There are many ways that teachers can incorporate technology in an elementary school physical education class. Some good examples include, pedometers, heart rate monitors, health tracking programs, and video resources. The first three examples are wonderful ways for elementary-age students to learn about the importance of exercise and good health, but with limited class time available (typically only 30 minutes) these are probably better suited for secondary-age students. Limited budget is also an issue for this type of technology, although teachers can find creative funding methods though options such as grants. Showing students short animated videos for warm-ups or You Tube videos of a specific sport or fitness skill are both effective visual learning aids. Keeping these videos short, however, is important due to the limited class time.
It will be difficult, however, to use technology that will help students express their creativity in an elementary school physical education class. One of the few ways that some physical education teachers are helping students express their creativity with technology is through “exergaming.” Exergaming is where students play movement video games, such as Wii Sports and Dance Dance Revolution. The teacher projects the video from the game on a wall or screen and has the students rotate the video game controllers while the rest of the class follows along with what activity they are doing (http://www.spark.com. 2016). Exergaming would provide a way for students to express their own creativity through individual body movements and which games they would choose to play. This addresses the second component of ISTE Standard 1: create original works as a means of personal or group expression.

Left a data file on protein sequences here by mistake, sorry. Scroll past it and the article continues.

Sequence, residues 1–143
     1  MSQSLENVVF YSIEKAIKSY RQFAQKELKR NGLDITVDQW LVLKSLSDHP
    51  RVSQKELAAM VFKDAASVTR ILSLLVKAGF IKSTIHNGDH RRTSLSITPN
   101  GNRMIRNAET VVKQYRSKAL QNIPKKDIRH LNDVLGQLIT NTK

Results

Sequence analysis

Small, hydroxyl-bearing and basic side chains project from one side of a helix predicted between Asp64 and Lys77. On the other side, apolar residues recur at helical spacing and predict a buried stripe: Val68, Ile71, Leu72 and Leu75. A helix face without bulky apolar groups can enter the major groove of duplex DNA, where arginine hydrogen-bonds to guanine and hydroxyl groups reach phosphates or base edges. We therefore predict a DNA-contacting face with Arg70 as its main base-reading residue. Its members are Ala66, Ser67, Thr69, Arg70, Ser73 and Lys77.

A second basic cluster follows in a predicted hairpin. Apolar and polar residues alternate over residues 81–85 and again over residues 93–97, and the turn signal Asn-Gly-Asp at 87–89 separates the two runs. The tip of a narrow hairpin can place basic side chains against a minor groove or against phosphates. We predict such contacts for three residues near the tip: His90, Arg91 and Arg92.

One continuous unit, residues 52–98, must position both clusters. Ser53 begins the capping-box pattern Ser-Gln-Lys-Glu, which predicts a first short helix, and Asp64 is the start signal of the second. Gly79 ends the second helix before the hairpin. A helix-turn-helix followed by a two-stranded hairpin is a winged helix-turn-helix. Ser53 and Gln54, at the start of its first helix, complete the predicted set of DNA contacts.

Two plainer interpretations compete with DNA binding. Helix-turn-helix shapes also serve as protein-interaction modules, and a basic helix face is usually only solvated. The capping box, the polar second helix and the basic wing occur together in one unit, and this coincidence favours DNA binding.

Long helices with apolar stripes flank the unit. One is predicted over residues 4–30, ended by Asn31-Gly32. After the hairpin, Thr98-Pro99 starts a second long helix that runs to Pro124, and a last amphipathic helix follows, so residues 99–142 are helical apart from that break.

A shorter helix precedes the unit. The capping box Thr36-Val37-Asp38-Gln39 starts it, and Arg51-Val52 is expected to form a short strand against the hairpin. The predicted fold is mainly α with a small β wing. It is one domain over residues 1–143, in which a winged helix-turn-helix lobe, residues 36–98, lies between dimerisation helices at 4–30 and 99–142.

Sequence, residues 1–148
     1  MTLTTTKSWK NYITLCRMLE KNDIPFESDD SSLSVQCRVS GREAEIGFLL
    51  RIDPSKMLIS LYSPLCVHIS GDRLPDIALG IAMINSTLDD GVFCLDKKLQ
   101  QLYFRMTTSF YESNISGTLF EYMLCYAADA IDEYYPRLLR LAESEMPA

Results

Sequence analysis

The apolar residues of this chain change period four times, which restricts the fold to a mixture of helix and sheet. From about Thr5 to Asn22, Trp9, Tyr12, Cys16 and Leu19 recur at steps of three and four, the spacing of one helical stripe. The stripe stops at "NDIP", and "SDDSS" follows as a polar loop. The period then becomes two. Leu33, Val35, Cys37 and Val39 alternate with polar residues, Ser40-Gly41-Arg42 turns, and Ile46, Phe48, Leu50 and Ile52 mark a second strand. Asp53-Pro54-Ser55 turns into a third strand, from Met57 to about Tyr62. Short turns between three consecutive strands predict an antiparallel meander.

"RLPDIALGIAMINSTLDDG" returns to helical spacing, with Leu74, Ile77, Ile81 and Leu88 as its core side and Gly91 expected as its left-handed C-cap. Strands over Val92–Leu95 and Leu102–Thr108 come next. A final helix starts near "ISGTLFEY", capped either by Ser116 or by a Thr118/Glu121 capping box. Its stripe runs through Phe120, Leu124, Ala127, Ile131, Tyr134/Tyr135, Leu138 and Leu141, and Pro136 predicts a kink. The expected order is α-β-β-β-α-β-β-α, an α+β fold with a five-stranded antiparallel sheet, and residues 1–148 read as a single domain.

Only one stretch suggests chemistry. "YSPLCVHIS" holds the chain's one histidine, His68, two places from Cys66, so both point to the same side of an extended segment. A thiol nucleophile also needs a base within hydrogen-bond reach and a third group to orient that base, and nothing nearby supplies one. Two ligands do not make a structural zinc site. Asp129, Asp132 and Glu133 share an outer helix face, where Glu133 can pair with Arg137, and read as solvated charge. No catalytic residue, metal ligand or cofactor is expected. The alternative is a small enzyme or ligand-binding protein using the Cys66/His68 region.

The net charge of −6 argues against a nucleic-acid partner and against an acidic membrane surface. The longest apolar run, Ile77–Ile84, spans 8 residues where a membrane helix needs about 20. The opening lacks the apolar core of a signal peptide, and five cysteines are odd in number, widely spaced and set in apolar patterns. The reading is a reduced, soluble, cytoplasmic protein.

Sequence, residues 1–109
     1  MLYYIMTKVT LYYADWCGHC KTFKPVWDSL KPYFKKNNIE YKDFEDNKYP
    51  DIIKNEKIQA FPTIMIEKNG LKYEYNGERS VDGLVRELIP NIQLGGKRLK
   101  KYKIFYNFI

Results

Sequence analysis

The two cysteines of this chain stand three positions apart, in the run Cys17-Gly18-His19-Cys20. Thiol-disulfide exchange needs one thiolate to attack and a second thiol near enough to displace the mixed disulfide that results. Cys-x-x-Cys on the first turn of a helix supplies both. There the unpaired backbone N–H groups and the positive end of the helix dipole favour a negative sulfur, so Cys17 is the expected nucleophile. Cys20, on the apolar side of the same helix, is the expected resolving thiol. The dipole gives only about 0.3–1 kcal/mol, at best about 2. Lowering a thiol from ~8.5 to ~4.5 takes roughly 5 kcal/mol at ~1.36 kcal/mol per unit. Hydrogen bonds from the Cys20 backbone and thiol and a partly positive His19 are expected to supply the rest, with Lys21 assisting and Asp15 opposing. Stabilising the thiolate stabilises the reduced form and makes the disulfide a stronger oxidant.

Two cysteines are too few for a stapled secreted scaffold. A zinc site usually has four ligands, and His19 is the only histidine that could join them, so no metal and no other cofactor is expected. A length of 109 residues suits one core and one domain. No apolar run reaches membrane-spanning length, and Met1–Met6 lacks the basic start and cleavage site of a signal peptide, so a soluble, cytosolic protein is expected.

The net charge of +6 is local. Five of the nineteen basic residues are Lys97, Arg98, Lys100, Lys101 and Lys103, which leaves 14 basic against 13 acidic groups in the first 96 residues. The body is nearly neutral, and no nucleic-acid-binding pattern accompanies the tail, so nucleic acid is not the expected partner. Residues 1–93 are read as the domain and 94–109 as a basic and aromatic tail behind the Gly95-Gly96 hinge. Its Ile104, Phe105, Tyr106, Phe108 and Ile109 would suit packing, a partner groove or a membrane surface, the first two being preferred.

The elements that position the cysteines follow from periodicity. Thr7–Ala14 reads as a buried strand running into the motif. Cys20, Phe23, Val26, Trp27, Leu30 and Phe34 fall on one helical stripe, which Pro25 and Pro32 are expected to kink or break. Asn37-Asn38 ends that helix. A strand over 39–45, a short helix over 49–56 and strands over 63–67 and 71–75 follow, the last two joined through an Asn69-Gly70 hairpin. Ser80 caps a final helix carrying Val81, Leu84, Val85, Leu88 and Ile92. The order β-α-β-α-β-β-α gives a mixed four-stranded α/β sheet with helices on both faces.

There are many issues, however, around the use of exergaming in a physical education class. The biggest issue is that while it encourages movement (and at home decreases sedentary television watching), it can be a poor substitute for actual physical activity and sports play. The movements used for many of these types of games is not conducive to the actual psycho-motor skill needed for a particular sport or fitness activity. It also can create a negative, chaotic classroom environment where students are not fully participating and equal time at the video game controllers will be difficult to manage. In addition, many of the parents will probably dislike the fact that their children are playing video games at school. In short, the negatives of exergaming outweigh any perceived positives.
Physical education teachers need to be careful that they are not just doing “technology for technology sake.” It needs to have a practical application or benefit for their student’s learning. The noise of this digital information can be overwhelming. It can create a numbness to the outside world and limit the ability to retain and reflect on essential learning (Dillon, 2014). In an elementary school physical education setting a limited amount of technology has its place, but the majority of the class time should be focused on movement and the development of the student’s fundamental psycho-motor skills.
Dillon, B. (2014). The Age of the Digital Story, Edutopia.com. Retrieved from http://www.edutopia.org/blog/the-power-of-digital-story-bob-dillon.
www.spark.com (2016). Using Technology in Physical Education. Retrieved from http://www.sparkpe.org/blog/using-technology-in-physical-education/.